Normally, I hike alone because I am slow. I prefer hiking with a friend, but usually when I attempt to go with others, they speed past me and leave me alone anyway. If I set out alone in the first place, I'm still alone - but at least I don't feel rejected. Maybe it's not true that when others ditch me because I am slow, they are being unkind. Maybe I should not feel hurt. But I always do.
The John Muir Trail was perfect for me, because I could set my own pace and hike alone, but there were so many nice people on the trail that I always had people to camp with at night. I can do as many miles per day as they can... just slower.
The hiccup for my hiking alone plan is grizzly country. I don't think it's a good idea to go out alone when you might meet a mama grizzly protecting her cubs. So I found a group going to the Grand Tetons on Meetup.com and decided to sign up. I'd hiked with them before on a short day hike and I was able to keep up just fine. Prior to the trip, they said to one another that we should always stay together on this trip, and nobody should ever go anywhere alone because of the grizzlies. We bought 2 cans of bear spray, and off we went.
The trail was the Death Canyon Loop. The Death Canyon trailhead is down a bumpy one-lane but two-direction dirt road that is labeled as 4-wheel-drive only. My poor little Prius does not have 4 wheel drive, but I drove it down that road anyway until it became so bumpy that I refused to go one more inch. I parked about a quarter mile from the trailhead.
By the time we reached the trailhead, my group had already left me in the dust. I met them at the trailhead, where they had stopped at the bathroom. Then we set off again, and they sped ahead of me again. Apparently "sticking together" only applied if you could hike fast enough. Otherwise, it was out the window - grizzlies or no. I loudly asked them to either have someone stay with me or give me one of our two cans of bear spray. They gave me the bear spray and then hiked on without me.
My photos aren't what they might have been on a different day, because the entire park is thick with smoke from wildfires out west. It looked like Los Angeles smog was somehow transported to Wyoming. Still, the hike was beautiful.
The trail starts at the Death Canyon trailhead, which is below 7000 feet, and goes up 0.9 miles to the Phelps Lake overlook (7200 feet above sea level).
Phelps Lake from the overlook
Then the trail drops down about 500 feet to Phelps Lake and hits a junction at 1.7 miles. One direction takes you to Phelps Lake, and the other into Death Canyon. On the way down, I nearly ran into a grouse on the trail. She did not want to move either, but finally - slowly - she did. I was worried that she was injured but she seemed fine.
Grouse in the trail
After the drop down toward Phelps Lake, the trail begins to climb again. There were more switchbacks than I wish to recount.
At 3.9 miles you reach a log cabin and another junction, which is around 8000 feet above sea level. This is where you will return at the end of the loop. You can go right toward Alaska Basin if you enjoy pain, switchbacks, and rapid elevation gain. Otherwise, go left toward the Death Canyon camping area, which begins another mile in. We went left.
That junction is 5.5 miles from Fox Creek Pass (9600 feet), and the Death Canyon camping zone encompasses a large area along those miles of trail. We spent our first night at the Group Camp Site, a spacious camp site with a bear box. It was about 7 miles into the trail. The trail from the log cabin to the group camp site went along a river and alternated between open and forested areas. There were flowers everywhere - asters, daisies, larkspur, monkshood, fireweed, paintbrushes, gentian, and more. Truly, flower heaven.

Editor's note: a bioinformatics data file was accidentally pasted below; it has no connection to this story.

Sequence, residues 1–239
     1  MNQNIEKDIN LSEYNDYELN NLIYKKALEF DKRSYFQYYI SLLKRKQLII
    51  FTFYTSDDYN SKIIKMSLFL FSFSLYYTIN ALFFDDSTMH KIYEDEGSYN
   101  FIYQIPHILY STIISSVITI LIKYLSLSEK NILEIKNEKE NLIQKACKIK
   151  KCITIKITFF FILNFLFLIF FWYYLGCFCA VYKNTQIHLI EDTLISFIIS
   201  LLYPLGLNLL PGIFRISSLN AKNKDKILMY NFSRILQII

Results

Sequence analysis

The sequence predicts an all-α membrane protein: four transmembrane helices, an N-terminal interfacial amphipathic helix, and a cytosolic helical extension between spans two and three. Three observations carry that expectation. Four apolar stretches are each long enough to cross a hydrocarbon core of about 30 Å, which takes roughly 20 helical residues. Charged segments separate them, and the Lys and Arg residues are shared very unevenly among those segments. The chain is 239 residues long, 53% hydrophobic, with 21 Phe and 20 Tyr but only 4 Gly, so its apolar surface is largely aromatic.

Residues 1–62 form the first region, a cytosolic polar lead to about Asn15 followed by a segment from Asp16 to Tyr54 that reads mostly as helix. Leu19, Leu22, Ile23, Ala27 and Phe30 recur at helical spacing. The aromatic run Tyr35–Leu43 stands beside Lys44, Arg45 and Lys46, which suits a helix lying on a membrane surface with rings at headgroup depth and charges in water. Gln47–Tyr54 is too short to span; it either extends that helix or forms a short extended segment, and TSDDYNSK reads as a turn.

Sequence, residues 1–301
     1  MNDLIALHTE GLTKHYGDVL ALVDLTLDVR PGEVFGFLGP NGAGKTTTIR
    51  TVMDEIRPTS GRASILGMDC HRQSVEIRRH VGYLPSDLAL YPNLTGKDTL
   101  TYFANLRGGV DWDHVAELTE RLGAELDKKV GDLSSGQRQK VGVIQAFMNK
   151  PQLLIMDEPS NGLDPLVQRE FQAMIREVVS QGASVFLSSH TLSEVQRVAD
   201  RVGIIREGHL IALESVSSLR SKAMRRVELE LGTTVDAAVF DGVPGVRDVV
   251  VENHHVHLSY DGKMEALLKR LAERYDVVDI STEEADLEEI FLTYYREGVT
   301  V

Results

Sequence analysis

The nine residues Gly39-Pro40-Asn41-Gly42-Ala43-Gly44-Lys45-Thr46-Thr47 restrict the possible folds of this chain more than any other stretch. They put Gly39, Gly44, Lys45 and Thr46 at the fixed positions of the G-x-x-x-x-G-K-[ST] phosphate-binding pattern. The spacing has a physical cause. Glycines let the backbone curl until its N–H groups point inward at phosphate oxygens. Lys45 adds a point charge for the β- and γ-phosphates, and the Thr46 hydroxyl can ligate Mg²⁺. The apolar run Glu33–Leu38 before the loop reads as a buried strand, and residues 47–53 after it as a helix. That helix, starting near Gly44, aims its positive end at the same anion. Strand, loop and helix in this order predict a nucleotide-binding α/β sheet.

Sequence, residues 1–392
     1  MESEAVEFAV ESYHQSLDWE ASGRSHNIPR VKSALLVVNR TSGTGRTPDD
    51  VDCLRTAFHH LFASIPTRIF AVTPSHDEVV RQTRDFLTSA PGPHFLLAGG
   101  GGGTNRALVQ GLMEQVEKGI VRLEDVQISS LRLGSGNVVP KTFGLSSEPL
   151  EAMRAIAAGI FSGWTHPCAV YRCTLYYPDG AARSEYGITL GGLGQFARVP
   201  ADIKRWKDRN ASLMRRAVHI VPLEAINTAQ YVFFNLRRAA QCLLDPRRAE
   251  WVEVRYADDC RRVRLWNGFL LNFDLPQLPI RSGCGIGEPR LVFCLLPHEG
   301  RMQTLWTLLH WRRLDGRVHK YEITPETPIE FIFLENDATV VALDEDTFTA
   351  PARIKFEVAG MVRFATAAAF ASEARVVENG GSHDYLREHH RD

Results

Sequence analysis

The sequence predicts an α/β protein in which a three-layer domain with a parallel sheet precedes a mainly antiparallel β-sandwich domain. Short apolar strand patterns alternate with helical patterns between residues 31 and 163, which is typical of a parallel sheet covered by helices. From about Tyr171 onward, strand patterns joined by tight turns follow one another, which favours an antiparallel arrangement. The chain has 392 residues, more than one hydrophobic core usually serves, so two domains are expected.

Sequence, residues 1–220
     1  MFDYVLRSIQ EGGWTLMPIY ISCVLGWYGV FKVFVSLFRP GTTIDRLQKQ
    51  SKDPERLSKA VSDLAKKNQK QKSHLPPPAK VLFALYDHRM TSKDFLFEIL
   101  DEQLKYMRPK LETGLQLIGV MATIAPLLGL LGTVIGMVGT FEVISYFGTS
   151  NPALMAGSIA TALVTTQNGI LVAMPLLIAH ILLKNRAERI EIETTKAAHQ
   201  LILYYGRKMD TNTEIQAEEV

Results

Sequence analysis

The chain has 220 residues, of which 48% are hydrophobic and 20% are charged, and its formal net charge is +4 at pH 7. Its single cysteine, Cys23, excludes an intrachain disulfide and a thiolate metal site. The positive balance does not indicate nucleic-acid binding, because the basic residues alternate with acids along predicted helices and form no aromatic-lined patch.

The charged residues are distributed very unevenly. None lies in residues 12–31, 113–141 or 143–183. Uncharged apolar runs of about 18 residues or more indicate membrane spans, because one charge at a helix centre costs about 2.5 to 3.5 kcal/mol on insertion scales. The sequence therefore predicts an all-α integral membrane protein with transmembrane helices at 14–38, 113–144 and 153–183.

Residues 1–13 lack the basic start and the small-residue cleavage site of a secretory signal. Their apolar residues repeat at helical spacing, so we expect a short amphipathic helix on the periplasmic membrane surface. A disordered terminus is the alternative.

I had one wildlife sighting that first day. It was this guy:
The buck was right in the trail, but he quickly fled when I showed up. This was the best shot I got of him, unfortunately.
The campsite was nice, although it got cold even before the sun set. I followed my normal backpacking routine of going to bed once it got cold, which the people I was with seemed to think was nuts. And I did not care a bit, because at least I was warm.
All in all, between the trail head and Fox Creek pass, you hike 9.4 miles and gain at least 3000 feet in elevation, probably a little more. We did about 7 miles of that the first day and about 2000 feet of elevation gain.
Friday, August 21, 2015
Saturday, August 8, 2015
After all is said and done, I learned a TON from my hike on the JMT. Here's what I learned, and what I wish I knew before I went.
- Yes, it DOES rain, snow, and hail in the Sierras. It even snows in July, generally at the higher altitudes. While you don't need a 4-season tent or crampons, you DO need to be prepared for all kinds of weather.
- Make sure your tent and rain jacket are seam sealed.
- Have a rain cover for your pack, or a garbage bag to line the inside with. (The bummer of the latter option is that the outside of your pack will get wet, and water is heavy to carry.)
- A 30 degree sleeping bag is not warm enough. I brought a 15 degree sleeping bag with a silk liner and it was fine. (The liner was more for keeping my bag clean than for warmth.)
- If you can, go hiking in the rain in advance to test out your rain gear and make sure it works.
- I did fine with a rain jacket (no kilt or pants), the aforementioned sleeping bag, a very warm sleeping pad that I loved (NeoAir XTherm 3/4 length), and a hooded down jacket that I highly recommend to anyone looking for a down jacket (Marmot Quasar).
- Extra uses for this gear on the trail were: wearing my rain jacket in areas with lots of mosquitoes to keep the bugs off, wearing my rain jacket while washing my other clothes, using my sleeping bag liner as a blanket while eating breakfast on cold mornings, and wrapping my camera in my rain jacket at night to keep the camera safe from condensation.
- Unless you are really strong and fast and experienced in backpacking, doing a resupply between Muir Trail Ranch and Whitney Portal is a very good idea. It's either expensive, or a pain, or both. But it's a great idea. I found that I really benefit from being back in civilization every 5 days or so, so hiking out Kearsarge Pass and going into Independence to spend a night eating real food and showering could have been a good idea. It's a drag to hike out Kearsarge because it adds 15 miles to the trail, but it's actually a very pretty hike. Or you can hire a mule. Either way, planning for a resupply at Kearsarge in advance might mean the difference between finishing your hike or not finishing. Or running out of food, as many, MANY people did. It appeared that about half of the people I was hiking with, if not more, ran out of food toward the end of the hike. Some had days without dinner, some got food from other people who had extra, and several had to hike longer miles each day to finish before they ran out of food.